Yesterday’s proposals could make it harder for commissioners and providers to work together, at a time when they need each other the most, writes Rob Webster
The publication of the 2015-16 national tariff proposals yesterday perpetuates a reliance on technical efficiencies in provider delivery over allocative efficiencies through commissioning and system reform.
‘Local commissioners will pick up the bills and providers will feel the pain’
It could result in a shift in risk towards local systems, particularly through the proposed “marginal” rate for specialised services and Clinical Negligence Scheme for Trusts changes.
Local commissioners will pick up the bills and providers will feel the pain.
In the end, almost half of providers will still be in deficit. Monitor and NHS England’s proposals ask us to flip the risk coin and many at the front line will feel they are set to always lose.
Tariffs and ‘leakage’
NHS Confederation responded to the tariff consultation, highlighting the need for a different balance between the focus on allocative and technical efficiency and some of our specific concerns about block contracts, marginal rate tariffs and “leakage”, which Monitor has defined as the extra actions taken to improve financial positions other than efficiency.
We requested that these be considered appropriately and that the efficiency factor in the tariff set with delivery in mind, rather than as a balancing factor in affordability. We have ended up with neither in these proposals.
‘The results of delivering the scheme leaves almost half of providers in deficit’
Delivery of the 3.8 per cent efficiency factor, a reduction in the specialised services activity below the 2014-15 plan, and a 3 per cent reduction in non-elective activity through the better care fund plan are required.
Scheme payments are to be funded from clinical commissioning group baselines. The result of delivering this - which would constitute significant improvement in efficiency - leaves almost half of providers in deficit.
The result of delivering just 3 per cent is three-quarters of providers in the red.
The triple whammy
I am not out to rubbish the national bodies here. They have been set a complex task with no right answer.
So, we have to start to question the system’s ability to deliver safe sustainable services in 2015-16 and financial balance.
Those on block contracts, like mental health, ambulance and community services, will not have any “leakage”.
There is the triple whammy that providers of tertiary services will feel - the efficiency factor, the marginal rate for non-electives and now the marginal rate for specialised services.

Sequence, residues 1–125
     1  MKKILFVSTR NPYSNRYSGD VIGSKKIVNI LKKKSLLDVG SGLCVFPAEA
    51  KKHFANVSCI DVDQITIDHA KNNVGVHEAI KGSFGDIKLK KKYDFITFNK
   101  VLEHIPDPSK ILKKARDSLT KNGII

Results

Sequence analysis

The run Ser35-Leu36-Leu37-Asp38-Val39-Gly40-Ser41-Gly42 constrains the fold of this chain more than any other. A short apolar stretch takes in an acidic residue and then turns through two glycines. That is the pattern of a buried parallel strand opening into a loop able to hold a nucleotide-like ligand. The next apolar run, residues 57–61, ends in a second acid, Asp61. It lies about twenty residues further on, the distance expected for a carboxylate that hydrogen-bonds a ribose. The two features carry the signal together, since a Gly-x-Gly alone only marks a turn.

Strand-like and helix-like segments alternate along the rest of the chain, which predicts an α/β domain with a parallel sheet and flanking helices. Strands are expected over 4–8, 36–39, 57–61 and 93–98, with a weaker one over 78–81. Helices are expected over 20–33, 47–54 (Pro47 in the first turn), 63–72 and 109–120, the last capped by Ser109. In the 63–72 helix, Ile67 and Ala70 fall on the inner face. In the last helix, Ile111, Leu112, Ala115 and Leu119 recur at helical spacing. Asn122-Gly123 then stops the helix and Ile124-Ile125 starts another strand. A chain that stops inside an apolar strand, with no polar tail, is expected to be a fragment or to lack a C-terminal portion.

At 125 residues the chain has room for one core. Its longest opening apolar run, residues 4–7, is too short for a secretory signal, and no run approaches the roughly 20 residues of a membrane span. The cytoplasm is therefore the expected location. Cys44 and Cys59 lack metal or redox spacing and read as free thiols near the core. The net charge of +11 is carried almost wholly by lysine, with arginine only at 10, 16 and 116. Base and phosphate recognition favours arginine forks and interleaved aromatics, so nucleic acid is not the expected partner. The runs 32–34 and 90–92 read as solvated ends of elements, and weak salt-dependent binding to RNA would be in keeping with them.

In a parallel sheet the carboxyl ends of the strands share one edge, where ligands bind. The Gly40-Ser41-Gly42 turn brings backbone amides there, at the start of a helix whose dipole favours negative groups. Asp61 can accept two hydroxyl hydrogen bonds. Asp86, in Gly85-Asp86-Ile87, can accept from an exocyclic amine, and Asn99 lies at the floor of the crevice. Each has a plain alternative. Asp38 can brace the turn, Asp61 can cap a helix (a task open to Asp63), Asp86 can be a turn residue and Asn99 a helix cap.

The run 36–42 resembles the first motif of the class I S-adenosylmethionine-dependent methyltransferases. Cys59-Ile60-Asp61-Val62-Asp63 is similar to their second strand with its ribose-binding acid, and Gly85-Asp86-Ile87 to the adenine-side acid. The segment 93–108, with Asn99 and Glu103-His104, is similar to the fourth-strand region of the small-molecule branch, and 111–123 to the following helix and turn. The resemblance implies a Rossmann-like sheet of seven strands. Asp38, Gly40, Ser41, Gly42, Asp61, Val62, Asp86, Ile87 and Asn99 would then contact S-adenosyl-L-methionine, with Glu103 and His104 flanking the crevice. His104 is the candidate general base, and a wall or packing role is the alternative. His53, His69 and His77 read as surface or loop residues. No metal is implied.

Amelioration of the 30 per cent rate for non-electives will be welcome. The 50 per cent marginal rate for specialised services less so.
The latter may look to be a simple “frontier shift” of £170m of risk from NHS England - which has a duty to manage an overspent commissioning budget - to trusts and potentially, CCGs. This is unsustainable without robust demand management approaches.
If we believe the principles behind the marginal rate for non-electives are right, we need an equivalent for specialised services.
‘The demand for non-electives continues apace, despite the changes’
The requirement on local systems is to invest all of the resources for each patient over the baseline into services, with 70 per cent going into the community demand management schemes to reduce footfall and 30 per cent into acute provider if required.
This drives genuine risk share and risk management approaches in some health and care economies. In some places it has not.
The demand for non-electives continues apace, despite these changes.
Risk share or risk transfer?
So what is the equivalent on specialised services?
Which lever will NHS England pull with providers and what investments will be made to reduce demand?
Answers to these questions will determine whether this is to be a risk share or a risk transfer from NHS England to the providers and their local commissioners.
CCGs will be trying to manage the resourcing of scheme payments, transferred to local providers next year through tariff and funded from the baseline.
They will be dealing with pressures from the better care fund transfer. They will be working with local providers to deliver the service improvements in mental health announced earlier this year.
‘We need realism about the balance of risk between national and local commissioners’
My concern is that yesterday’s proposals will make it harder for commissioners and providers to work together at a time when they need to most.
That must be avoided at all costs.
Local commissioners have an opportunity to deliver reasonable contracts with providers using local flexibility where it is needed. Wise commissioners will work with providers on this as we move through a difficult transition.
That requires two things to happen.
First, we need realism from Monitor and NHS England about the balance of risk between national and local commissioners.
And more importantly, we need realism from the chancellor in the autumn statement on funding for the NHS as a whole.
Pricing strategies that require the NHS to deliver another year of unprecedented efficiencies cannot be allowed to end with a service in deficit. A stable platform for the five years ahead requires the chancellor to be as courageous with the finances of the nation, as the leaders across the NHS are with our healthcare.
Rob Webster is chief executive of NHS Confederation